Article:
It’s the virus attack and it is only getting bigger. Here’s a rough guide for apparel manufacturers on how to deal with it, with special focus on addressing health concerns and supporting the workforce.

We are in the middle of a global crisis. Humanity is facing what can be called an international emergency, probably worst in modern history, in the form of the covid-19 pandemic. It has caught people by a cruel surprise and worst fears of this catastrophe impacting the world are looming large in front of us. The spread is global and almost all countries are impacted and fighting the disease.

There are challenges for many to make it through the crisis and to survive. It is too early to comprehend the economic impact of this crisis which has hit hard the global structures.

Garment industry happens to be one of the worst sufferers. Global fashion brands and retailers have pulled the shutters down in their major consumption markets of the US and Europe. Many are reported to have suspended the deliveries of ready merchandise parked at the ports waiting to be shipped and in the factories across the world. Majority of this supplier base is the factories in Asia.

There is no doubt that this would have a devastating effect on millions of garment workers and businesses that work on thin margins. As per BGMEA (Bangladesh Garment Manufacturers and Exporters Association) estimates, till April 2, shipments worth $2.96 billion have already been cancelled or suspended, involving 1,085 factories and 2.15 million workers. In India, the factories in Target have confirmed that they will receive the orders already produced and under the production.  Tiruppur have been shut since March 22 onwards. The factory owners have promised to pay full salary to workers. Rest of the factories in India have also been shut with the national lockdown from March 25. Industry in Myanmar has already seen some factory closures and it is not much different for other apparel manufacturing nations like Vietnam, Cambodia, Sri Lanka and others.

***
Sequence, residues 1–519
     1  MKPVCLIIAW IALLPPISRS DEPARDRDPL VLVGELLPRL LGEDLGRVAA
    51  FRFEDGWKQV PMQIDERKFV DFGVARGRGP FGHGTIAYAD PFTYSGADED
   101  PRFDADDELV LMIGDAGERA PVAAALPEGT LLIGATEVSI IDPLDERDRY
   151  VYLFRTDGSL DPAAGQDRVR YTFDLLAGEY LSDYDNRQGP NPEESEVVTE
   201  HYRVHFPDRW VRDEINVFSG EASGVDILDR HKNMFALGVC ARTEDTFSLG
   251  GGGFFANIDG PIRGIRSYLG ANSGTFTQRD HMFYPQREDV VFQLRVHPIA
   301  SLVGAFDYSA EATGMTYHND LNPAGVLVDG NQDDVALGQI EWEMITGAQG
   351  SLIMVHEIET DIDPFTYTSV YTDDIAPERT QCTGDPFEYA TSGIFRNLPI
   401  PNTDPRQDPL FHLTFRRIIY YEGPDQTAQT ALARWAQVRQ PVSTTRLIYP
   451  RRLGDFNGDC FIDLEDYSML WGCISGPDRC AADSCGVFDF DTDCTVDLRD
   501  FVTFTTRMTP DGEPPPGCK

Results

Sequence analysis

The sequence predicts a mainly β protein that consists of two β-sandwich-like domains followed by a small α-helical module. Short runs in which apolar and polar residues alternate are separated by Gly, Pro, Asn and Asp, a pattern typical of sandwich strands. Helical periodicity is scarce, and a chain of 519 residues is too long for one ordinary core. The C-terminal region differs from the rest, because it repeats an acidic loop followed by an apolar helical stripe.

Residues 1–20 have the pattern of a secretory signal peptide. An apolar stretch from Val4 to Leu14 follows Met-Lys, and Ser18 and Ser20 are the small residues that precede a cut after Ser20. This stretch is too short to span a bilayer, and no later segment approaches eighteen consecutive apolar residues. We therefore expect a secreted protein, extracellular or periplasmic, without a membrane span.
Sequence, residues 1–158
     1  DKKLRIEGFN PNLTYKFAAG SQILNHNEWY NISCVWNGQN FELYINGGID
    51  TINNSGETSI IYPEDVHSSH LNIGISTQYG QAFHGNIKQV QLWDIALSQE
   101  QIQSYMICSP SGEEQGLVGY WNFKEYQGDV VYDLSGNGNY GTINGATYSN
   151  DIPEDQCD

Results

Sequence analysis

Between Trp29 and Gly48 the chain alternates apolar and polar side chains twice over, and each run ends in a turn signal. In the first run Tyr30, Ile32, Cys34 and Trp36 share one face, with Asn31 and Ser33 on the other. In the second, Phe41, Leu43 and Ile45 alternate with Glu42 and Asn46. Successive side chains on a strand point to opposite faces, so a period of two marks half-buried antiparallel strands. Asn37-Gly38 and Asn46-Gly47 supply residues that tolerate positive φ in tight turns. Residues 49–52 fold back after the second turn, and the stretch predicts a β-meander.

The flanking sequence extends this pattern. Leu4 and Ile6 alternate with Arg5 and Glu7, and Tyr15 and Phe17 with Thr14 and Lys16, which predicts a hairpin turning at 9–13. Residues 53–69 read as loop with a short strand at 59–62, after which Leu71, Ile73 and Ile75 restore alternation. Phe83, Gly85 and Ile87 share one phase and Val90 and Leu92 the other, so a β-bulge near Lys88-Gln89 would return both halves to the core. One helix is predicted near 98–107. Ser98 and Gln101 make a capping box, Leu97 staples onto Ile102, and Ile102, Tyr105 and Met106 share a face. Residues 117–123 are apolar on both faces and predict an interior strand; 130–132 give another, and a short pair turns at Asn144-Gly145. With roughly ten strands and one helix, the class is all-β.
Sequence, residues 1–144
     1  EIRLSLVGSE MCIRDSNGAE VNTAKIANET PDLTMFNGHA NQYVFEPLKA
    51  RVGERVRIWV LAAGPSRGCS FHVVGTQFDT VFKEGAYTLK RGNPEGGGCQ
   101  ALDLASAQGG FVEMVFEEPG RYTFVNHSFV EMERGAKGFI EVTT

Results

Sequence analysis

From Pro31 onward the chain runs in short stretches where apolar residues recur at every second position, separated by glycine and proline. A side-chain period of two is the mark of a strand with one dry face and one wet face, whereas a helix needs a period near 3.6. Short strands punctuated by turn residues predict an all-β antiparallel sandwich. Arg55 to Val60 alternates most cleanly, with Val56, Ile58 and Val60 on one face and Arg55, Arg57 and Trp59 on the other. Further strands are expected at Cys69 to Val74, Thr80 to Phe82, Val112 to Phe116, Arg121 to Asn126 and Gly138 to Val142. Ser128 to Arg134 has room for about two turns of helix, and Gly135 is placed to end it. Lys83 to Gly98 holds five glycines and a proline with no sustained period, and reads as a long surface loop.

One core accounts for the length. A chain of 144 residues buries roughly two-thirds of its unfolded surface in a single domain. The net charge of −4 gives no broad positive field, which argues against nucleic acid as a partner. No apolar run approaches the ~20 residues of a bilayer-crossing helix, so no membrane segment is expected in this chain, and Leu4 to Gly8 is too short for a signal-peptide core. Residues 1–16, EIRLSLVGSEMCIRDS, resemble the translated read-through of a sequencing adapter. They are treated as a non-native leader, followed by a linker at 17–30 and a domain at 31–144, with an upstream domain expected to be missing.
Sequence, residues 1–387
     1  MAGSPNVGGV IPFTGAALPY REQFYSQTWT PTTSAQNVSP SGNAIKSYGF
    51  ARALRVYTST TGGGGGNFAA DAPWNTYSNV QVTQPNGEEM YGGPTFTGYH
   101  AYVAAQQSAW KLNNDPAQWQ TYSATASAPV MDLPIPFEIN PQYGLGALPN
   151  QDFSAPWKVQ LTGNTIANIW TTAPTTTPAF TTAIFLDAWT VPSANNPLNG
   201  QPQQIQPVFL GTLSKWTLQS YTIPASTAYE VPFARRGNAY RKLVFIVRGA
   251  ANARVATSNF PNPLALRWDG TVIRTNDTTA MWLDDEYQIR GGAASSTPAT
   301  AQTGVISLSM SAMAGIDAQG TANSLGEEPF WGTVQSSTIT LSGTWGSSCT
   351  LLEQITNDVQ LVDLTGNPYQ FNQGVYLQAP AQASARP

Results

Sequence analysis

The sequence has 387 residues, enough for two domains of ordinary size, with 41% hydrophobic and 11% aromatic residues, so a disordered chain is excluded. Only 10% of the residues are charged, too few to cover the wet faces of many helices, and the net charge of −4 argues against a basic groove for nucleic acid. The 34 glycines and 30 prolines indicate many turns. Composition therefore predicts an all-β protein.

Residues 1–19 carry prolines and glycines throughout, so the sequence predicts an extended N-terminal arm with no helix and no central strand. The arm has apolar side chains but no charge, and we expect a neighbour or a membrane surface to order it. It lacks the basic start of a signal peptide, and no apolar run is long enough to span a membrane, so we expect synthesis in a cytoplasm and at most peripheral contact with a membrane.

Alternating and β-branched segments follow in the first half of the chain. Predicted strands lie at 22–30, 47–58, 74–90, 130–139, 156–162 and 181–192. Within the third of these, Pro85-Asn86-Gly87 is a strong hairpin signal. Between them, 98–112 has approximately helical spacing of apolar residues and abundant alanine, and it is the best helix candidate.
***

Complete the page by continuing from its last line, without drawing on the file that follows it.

It is true that we are all in it together and everybody is suffering or will suffer. This involves brands, retailers, importers, sourcing companies, apparel manufactures, sub-contractors and most importantly, the workers. However, we must realise that the capacity to cope with disaster is not same for all. If we can work together and help each other, the pain of this pandemic can be minimised. Brands who have benefitted low cost imports from supplier countries need to play their role to support their partners. As it is said, “Pain when shared reduces and joy when shared multiplies.”

The Indian minister for textiles Smriti Irani has made an appeal the global apparel buyers not to cancel the shipments. She has said, “Let us show the world that we can do commerce with compassion.” BGMEA president Rubana Huq has also made a spirited appeal to buyers not to abandon Bangladesh industry in this hour of disaster. It is time to listen to one’s heart and act in a compassionate manner. These appeals received a lot of media attention across the globe and seem to have made some difference. By March 31, as per news reports six retailors including H&M, Inditex, M&S, Kiabi, PVH and Target have confirmed that they will receive the orders already produced and under the production.

As the appeals to the international buyers have started showing some results and pressure is mounting on others to act, I would like to focus on what can the industry do with special focus on addressing the health concerns and supporting workforce.

On the humanitarian response side, we have several initiatives taken by the fashion industry like:

     Retailers like H&M, C&A, GAP and others are offering their supply chains to procure and supply PPEs;

     Brandix in Sri Lanka and Ikea in India offered their facility as a quarantine centre to support health infrastructure;

     Reliance has set up a dedicated coronavirus hospital in Mumbai;